That's why, Del Negro explained, he limited Jordan to just 17 minutes in the leveler, leaning more heavily on backup big man Lamar Odom and larger doses of small-ball lineups featuring reserve wings Jamal Crawford, Matt Barnes and Eric Bledsoe. More from Collin:
"I didn't see him controlling the game the way I thought he needed to, and at that stage you have to go with someone you feel can," Del Negro said. "Maybe Ryan Hollins could have played a few more minutes after looking at the tape.
"But those are decisions that are made during the heat of the battle, and you go with your rotation as best you can. At this stage of the game you want to stay with your rotation, but if they're not being productive, you have to look at other guys you have confidence in, that have produced throughout the series." [...]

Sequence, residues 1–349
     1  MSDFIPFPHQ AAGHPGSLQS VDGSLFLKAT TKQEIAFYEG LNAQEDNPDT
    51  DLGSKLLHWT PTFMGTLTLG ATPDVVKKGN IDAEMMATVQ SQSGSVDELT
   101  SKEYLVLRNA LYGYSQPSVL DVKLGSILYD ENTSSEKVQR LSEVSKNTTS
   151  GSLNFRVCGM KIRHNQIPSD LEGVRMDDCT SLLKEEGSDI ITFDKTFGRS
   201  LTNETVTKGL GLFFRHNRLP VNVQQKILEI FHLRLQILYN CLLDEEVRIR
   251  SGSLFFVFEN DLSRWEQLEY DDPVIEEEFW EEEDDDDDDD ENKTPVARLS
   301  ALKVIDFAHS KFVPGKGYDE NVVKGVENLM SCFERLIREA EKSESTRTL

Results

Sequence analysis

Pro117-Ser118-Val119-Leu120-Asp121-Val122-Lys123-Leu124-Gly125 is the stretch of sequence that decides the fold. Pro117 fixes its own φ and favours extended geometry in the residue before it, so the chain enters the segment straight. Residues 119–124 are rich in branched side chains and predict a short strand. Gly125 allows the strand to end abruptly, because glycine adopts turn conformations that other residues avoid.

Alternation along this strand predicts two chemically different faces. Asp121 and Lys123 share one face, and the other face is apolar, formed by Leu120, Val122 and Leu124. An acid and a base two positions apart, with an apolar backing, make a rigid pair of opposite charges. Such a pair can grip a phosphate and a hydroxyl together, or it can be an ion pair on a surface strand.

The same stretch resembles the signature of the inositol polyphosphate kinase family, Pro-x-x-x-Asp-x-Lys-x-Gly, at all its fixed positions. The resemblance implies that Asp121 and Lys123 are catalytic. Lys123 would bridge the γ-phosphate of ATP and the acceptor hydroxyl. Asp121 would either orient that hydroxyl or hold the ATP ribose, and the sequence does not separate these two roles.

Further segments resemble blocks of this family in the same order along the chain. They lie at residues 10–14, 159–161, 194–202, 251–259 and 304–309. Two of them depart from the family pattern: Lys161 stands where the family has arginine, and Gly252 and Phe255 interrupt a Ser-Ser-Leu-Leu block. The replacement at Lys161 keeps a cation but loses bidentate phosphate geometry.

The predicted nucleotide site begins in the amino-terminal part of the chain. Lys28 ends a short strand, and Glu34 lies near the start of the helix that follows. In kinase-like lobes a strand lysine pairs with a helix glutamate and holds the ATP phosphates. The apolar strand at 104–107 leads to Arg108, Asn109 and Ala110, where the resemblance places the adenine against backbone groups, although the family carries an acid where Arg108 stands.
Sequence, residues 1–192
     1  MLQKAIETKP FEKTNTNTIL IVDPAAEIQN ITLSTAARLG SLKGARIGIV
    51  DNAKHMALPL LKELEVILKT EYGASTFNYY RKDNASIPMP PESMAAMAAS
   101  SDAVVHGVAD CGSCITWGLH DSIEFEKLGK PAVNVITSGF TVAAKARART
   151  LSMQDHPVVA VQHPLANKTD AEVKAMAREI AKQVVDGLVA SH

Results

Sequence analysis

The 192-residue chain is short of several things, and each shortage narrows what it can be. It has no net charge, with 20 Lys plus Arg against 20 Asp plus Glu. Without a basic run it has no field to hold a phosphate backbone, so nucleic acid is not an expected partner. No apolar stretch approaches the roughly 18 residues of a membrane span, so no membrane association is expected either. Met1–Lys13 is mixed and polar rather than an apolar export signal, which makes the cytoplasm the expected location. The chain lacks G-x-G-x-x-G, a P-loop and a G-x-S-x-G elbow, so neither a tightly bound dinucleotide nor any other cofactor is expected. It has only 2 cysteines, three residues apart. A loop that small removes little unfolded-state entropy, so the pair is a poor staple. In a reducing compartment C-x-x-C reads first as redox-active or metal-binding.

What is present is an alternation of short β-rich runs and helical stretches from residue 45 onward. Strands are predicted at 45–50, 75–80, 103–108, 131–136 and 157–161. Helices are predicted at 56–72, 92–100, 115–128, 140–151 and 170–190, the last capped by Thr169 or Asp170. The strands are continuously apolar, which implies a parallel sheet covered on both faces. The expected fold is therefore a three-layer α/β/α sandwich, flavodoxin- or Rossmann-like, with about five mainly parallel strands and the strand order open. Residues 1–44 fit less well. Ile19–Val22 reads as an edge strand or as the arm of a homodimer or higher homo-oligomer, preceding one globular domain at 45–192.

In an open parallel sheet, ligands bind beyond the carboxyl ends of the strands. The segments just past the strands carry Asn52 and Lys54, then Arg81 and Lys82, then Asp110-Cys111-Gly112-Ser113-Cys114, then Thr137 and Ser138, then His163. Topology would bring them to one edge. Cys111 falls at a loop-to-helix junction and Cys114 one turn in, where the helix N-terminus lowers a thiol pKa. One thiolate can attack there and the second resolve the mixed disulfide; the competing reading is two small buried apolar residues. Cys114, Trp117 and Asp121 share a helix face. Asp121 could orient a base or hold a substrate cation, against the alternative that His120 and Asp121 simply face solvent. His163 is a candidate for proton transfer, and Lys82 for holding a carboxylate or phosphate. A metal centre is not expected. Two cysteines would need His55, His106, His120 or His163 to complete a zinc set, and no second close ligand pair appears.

"Defensively, offensively, being a threat out there on the glass, using his length, athleticism," Del Negro said. "But it's up to him to get out there and earn his minutes and work through anything that's thrown at him during the game."
Jordan bounced back on the boards a bit on Tuesday, snaring eight caroms (including four on the offensive glass) to go with six points and two blocks in 31 minutes of floor time. But the Clippers still dropped Game 5, giving Memphis a 3-2 series lead and an opportunity to close L.A. out at the Grindhouse on Friday.